The first Rochester Courthouse was built in 1822 by Gideon Cobb. A second courthouse was built not long after as the community began to grow. The second courthouse stood as an architectural marvel for its time with with its foundation, steps and pavement of the portico and a covered walk supported by columnns. The columnns were also made of Onondaga Limestone. The courthouse was eventually moved to the Hall of Justice in 1964.
This building is significant ibecause on June 9th ,1899, Governor Theodore Roosevelt held a public reception at the courthouse after the unveilling of the Frederick Douglass monument. The reception was to celebrate the life of Douglass after his passing. A large piano was brought up to the second floor to be used by the orchestra and the guests. All guests would enter through the courthouse and pass through to the back exit.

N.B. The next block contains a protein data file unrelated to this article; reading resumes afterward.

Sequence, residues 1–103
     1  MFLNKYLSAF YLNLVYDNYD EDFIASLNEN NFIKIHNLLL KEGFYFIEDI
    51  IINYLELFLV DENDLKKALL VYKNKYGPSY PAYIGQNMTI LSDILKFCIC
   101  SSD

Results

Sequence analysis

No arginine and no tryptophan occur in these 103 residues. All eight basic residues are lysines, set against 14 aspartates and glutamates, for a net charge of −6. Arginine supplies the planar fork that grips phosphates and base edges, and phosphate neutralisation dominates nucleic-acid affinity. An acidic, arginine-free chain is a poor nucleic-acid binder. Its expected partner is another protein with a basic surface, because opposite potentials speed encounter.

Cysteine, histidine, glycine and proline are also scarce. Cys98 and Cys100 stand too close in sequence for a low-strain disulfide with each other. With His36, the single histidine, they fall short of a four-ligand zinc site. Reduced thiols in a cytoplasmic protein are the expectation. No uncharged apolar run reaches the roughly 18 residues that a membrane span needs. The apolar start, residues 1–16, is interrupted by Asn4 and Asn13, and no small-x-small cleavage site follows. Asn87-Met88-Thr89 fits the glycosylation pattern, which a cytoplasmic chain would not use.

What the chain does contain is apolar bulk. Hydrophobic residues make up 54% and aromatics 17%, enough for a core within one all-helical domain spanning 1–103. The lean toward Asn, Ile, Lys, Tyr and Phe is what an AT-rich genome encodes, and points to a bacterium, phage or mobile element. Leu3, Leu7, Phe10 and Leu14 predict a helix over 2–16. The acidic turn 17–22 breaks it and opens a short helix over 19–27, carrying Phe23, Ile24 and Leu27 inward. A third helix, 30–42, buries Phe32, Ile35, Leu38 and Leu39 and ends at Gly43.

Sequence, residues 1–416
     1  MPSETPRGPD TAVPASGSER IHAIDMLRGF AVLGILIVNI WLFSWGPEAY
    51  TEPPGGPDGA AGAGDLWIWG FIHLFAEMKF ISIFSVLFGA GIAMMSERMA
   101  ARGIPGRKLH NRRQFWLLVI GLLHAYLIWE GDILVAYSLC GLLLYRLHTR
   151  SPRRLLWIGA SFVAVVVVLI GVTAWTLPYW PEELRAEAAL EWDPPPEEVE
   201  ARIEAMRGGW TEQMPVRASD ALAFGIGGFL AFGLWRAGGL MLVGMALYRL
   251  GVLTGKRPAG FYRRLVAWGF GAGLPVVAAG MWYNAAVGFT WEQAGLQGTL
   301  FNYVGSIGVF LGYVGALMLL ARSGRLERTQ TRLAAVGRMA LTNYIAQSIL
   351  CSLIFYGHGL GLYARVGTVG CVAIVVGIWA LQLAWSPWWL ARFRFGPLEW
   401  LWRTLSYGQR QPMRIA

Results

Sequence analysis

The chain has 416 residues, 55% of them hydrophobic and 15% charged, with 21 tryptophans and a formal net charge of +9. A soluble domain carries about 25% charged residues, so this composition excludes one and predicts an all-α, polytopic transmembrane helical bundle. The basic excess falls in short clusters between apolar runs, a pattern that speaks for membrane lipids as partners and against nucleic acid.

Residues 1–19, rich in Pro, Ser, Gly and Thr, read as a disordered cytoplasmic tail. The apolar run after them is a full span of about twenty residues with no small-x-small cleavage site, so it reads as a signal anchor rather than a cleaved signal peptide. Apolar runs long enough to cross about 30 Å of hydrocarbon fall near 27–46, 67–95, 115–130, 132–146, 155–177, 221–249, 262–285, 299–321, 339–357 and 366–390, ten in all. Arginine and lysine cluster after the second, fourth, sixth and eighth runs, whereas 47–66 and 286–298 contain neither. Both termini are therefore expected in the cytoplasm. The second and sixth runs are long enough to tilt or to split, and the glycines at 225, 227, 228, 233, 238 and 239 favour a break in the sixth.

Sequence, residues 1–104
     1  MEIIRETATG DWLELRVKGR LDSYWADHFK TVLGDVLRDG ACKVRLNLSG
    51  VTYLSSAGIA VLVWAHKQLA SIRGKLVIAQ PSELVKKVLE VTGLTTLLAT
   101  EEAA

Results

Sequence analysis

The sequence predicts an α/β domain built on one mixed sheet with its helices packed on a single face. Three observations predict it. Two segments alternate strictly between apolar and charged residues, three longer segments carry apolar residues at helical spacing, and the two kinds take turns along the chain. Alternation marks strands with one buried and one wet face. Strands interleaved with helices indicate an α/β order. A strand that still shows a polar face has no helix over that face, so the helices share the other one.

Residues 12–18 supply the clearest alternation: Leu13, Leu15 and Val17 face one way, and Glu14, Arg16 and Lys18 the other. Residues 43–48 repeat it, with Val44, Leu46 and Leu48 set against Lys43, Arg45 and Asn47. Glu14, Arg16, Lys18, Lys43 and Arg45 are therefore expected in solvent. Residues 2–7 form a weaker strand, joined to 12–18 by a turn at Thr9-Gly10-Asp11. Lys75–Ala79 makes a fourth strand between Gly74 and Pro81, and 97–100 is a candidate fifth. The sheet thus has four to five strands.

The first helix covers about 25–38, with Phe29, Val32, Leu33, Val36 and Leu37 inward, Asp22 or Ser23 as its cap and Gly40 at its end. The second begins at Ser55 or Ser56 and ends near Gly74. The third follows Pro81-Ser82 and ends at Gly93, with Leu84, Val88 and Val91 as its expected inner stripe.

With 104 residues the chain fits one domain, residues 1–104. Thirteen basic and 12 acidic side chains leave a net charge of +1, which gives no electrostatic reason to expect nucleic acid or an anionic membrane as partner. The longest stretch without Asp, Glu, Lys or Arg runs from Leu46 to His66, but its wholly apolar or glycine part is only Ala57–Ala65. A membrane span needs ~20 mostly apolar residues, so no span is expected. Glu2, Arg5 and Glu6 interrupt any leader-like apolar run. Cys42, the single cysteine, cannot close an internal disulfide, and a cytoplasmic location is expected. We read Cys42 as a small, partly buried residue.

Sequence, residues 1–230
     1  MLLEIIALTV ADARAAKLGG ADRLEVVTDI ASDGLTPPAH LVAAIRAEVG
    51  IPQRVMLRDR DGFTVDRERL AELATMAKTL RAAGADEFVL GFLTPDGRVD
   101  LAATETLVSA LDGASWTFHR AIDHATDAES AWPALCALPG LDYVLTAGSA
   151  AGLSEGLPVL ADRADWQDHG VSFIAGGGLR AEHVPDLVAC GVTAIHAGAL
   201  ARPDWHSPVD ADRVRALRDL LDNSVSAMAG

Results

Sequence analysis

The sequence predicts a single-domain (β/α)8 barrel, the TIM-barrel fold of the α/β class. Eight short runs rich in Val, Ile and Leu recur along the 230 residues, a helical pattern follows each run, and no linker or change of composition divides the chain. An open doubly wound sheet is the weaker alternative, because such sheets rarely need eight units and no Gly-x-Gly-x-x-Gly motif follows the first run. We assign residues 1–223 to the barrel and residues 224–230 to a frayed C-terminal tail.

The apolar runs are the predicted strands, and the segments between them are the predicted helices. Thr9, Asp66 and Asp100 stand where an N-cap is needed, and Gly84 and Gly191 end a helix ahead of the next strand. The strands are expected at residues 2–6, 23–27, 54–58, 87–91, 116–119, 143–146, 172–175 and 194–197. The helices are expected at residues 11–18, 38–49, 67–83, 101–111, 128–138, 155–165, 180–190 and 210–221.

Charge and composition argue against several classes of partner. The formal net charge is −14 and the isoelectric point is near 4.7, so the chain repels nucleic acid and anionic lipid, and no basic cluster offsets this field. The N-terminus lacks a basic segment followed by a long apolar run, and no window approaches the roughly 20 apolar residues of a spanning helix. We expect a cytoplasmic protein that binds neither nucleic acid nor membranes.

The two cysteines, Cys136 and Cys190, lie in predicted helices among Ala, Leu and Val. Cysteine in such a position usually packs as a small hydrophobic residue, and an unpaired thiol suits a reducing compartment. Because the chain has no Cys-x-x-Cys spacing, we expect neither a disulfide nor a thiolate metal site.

The courthouse building has since been repurposed into the Monroe County office building. In 1964 the courts moved to the newly built Hall of Justice and the old building was turned into the Monroe County Office Building. The current Monroe County building is actually the third iteration of the structure built at the site.
Early meetings for the Board of Supervisors for Monroe County were held in taverns and the City Hall until the first courthouse was built. The land was donated by the city's founding fathers, Rochester, Fitzhugh, and Carroll. The building has since been razed twice to accommodate a larger population.
This entry is part of a public history project developed by the RIT Museum Studies program in celebration of the bicentennial of Frederick Douglass’s birth (February 1818). The items shown in this entry are taken from a scrapbook that is one of two in the collections of the Local History and Genealogy Divisions of Central Library of Rochester and Monroe County Library.